Weloadin Studio co-founder and managing director Mario Royston said, “It is worth noting that RMG and fantasy sports are not considered part of the video game industry in other countries. However, the negative focus on RMG has led to misconceptions about the entire video game industry in India for a considerable period of time. The classification of Real Money Gaming and fantasy sports as online gaming has had adverse effects on the video game industry in India, primarily due to concerns about the wagering aspects associated with RMG. Recognising the need for clarity, the Indian government has taken steps to differentiate RMG and fantasy sports which involve Real Money betting from the video game industry which is purely made to entertain and educate people as a form of art like movies. This differentiation is evident through the implementation of a 28 per cent (GST) specifically for RMG and fantasy sports, while video games are subject to an 18 per cent (GST) rate.”

XSQUADS Tech founder and CEO Jemish Lakhani said, “The Indian video game industry is becoming self-reliant (Aatmanirbhar), but a 28 per cent GST on all game types could stall its growth. We must differentiate between Real Money Games and video games to avoid negative impacts. By fostering a favourable tax structure, we can unlock the video game industry’s economic potential, boost India’s position in the global gaming market, and secure billions in future revenue for the country.”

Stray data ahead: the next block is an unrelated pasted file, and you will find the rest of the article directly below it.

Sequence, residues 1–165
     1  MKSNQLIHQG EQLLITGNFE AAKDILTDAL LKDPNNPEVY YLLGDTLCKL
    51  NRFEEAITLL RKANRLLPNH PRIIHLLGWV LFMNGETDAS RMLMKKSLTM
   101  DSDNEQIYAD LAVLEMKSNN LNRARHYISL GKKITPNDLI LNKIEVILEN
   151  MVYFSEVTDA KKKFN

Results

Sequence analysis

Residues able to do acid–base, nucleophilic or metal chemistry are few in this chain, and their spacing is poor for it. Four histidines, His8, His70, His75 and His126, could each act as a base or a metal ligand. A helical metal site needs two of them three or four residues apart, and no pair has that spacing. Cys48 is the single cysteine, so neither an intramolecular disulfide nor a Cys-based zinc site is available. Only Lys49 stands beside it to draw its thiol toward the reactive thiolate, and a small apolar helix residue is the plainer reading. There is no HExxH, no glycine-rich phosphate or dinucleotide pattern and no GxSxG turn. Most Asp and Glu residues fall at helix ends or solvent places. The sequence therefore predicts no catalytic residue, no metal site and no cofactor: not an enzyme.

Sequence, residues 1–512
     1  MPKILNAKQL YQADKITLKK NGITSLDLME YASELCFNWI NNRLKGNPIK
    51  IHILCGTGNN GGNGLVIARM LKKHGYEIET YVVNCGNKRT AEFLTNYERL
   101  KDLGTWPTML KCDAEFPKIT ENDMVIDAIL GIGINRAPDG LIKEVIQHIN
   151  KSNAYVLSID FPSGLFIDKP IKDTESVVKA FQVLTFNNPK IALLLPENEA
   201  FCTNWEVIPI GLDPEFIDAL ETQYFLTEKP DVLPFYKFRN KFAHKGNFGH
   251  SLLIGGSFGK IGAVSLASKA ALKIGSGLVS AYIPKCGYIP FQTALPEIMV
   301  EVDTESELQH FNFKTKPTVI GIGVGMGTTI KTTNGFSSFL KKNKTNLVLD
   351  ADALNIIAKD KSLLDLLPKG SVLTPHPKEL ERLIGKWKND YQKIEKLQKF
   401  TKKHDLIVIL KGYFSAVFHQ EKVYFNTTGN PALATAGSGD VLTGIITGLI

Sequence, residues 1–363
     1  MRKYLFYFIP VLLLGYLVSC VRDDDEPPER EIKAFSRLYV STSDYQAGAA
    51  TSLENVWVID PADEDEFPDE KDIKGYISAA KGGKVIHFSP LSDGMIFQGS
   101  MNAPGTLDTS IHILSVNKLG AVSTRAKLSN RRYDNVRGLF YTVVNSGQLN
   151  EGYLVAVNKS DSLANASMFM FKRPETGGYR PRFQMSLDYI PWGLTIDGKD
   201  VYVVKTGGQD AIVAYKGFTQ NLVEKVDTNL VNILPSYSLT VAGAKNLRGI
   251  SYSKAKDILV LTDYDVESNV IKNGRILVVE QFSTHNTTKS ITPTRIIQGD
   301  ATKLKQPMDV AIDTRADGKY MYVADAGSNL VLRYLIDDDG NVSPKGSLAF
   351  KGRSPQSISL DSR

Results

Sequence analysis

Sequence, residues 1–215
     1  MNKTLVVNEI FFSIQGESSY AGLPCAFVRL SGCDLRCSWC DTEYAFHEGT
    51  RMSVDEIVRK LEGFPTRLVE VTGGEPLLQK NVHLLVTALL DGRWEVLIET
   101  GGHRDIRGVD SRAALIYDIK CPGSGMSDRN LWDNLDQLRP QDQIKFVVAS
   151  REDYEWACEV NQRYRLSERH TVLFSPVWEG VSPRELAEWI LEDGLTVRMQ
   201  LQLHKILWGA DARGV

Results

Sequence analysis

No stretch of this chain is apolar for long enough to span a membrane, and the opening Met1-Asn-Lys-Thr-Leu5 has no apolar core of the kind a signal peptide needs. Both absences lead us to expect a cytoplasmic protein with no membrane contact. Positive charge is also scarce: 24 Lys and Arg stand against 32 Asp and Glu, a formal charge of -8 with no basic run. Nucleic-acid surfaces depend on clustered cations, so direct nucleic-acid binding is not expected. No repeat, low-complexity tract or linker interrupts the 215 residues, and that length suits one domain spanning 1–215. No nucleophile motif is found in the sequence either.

Lucid Labs founder and CEO Chirag Chopra said, “Yet again, the Indian gamer finds himself strangled in a pile of unwanted mud. Let me simplify it for you: imagine you have a basket filled with both apples and oranges. Now, just because they share the same basket doesn’t magically turn them into the same fruit, right? Just because Real Money Games and your favourite games share the same industry, it doesn’t automatically put them in the queue for similar tax treatment. The government knows better, and so do you, my fellow Indian gamer. Let me break the bubble – the Indian game industry is more than Real Money Games, and believe it or not, they are here to stay. No matter what they try to tell you on social media, your beloved games will not be taxed 28 per cent; that privilege is reserved for your truly, Real Money Games. So, as long as you are not chasing the fake paradise, you can continue enjoying your Clash of Clans, Valorant, and PUBG.”

Firebolt Entertainment founder and director Tarun Hinduja said, “With every new law, comes some amount of misinterpretation. The government of India has always frowned at gambling in any form and has now strengthened its stand by imposing a 28 per cent GST on Real Money Games. It is important to understand that there is a difference between games such as Candy Crush, PUBG, etc and Real Money Games (anything that involves any kind of wagering). This clear distinction should only help boost the already growing gaming industry in India.”

Below attached is the signed letter by industry stakeholders.